In 1929, after a period of deregulation and free money and almost unlimited speculation and growth, a few banks began to experience losses and liquidity problems. That was very similar to 2008.
But, when the banking system needed liquidity, the Hoover Administration, and the leaders on Wall Street, actually took steps to allow banks to fail. Money supply was actually tightened. That was in 1929.
In 2008, the U.S. government is taking active steps to lower interest rates, to infuse capital into the system, to take bad assets away from bank balance sheets and to inject liquidity into the system.
At least the USA has made a bold step. But then the USA changed it's approach to follow the European idea of investing in "bank stock" or preferred stock of troubled institutions, to increase the capital of the banking system. Bush had opposed this, considering it too intrusive. The "Right Wing" had told him that it would make the government the owner of the banking system. But someone apparently explained that these would be non voting preferred shares and not completely nationalize the system. In fact this is what the USA did in 1929, to infuse money into the system. But the ut now, with panic throughout Asia,Europe and the world, the markets responded moderately to the plan. Perhaps "moderate" is what the system needs. Global financial leaders seem to be teaching and leading the USA in how to fix this crisis.
Even after leaders of the IMF met this week, there was still vast disagreement.There have been years of prosperity, growth, and confidence in this system .
The evolution of "wealth" and "currency" has seen such development. Wealth and currency were once considered land, horses, or cattel. Then precious stones. In each step of the "evolution" of money, it has become more symbolic. The evolution over the past 100 years from wealth being commodities, gold, silver, then to minted coins, such as the "Pound Sterling" currency, to printed money, to plastic money, to electronic transfers, to "swap instruments" that are passed around electronically...the entire system seems to have evolved into a system of symbolic wealth. DANGER. The more symbolic wealth becomes the more it depends upon confidence.
Any business and financial system depends upon CONFIDENCE. That is what is lacking today, in the world, and that is what the markets are telling us. We must remember the great speech of Franklin Roosevelt when he said: "All we have to fear, is fear itself." That is much different from the speeches we have heard from this administration, which as been releasing statements such as "You may lose your job, your home, your local bank!"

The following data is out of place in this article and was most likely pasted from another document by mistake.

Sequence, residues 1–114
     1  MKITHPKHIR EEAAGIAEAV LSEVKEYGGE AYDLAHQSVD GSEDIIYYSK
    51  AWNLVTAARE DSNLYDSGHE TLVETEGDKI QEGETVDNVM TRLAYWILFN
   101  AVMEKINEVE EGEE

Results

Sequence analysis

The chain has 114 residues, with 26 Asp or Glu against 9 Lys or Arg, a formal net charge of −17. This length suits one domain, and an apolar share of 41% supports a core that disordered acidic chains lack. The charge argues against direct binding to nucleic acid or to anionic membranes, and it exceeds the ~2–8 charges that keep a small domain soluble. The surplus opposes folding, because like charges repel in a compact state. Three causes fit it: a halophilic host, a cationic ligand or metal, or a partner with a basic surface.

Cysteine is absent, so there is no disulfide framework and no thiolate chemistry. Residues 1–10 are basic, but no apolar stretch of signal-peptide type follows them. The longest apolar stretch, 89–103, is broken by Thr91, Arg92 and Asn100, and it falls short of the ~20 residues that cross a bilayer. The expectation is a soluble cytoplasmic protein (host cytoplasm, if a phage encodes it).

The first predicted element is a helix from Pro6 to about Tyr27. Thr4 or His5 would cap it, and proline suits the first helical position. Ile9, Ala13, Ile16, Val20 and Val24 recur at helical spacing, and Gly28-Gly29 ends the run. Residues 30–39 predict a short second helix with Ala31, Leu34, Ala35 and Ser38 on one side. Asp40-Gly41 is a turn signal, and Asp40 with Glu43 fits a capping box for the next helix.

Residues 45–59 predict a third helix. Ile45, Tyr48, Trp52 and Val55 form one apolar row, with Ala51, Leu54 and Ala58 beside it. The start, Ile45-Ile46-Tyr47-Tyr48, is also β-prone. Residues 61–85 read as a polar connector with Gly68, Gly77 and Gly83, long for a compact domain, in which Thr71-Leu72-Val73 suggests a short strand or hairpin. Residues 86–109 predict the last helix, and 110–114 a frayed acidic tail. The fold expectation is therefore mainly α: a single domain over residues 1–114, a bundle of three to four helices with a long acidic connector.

We need leadership to bring confidence. Not more fear. After some coaching, President Bush seemed to begin to grasp the concept and later by Sunday, October 12, was saying "I needed to convince the American people that a Wall Street crisis could impact them" and later went on to point out steps that would bring "stability".
Others have had the same type of evolution, from knee jerk talk of meltdown, to emerging reassurance. The head of the IMF started with public statements of how dire the situation was, only to then follow up the next day. Mr Strauss-Kahn was speaking in Washington after talks with US President George W Bush, G7 finance ministers and the World Bank. Earlier, G7 ministers had released the five-point plan to free up the flow of credit, back efforts by banks to raise money and revive the mortgage market.
"Intensifying solvency concerns about a number of the largest US-based and European financial institutions have pushed the global financial system to the brink of systemic meltdown," said Mr Strauss-Kahn. He later told a news conference: "The first co-ordination between advanced countries and the rest of the world is now on track."
Many industries are still strong and doing well. Oil, gas, energy, wind, food, medical industries are all profitable and growing. But, CONFIDENCE in the financial system is lacking. Perhaps it is because people around the world have simply seen too much greed, too much deregulation, too many abuses, too many failures and foreclosures. All have hurt confidence.
THE REBUILDING OF CONFIDENCE WILL BE THE FIRST PRIORITY OF THE NEW PRESIDENT. Without confidence surely recovery and stability will be hard to achieve. With confidence it will come, but even that will be gradual. It will take time to rebuild confidence in a system that has so evidenced how fragile it has become.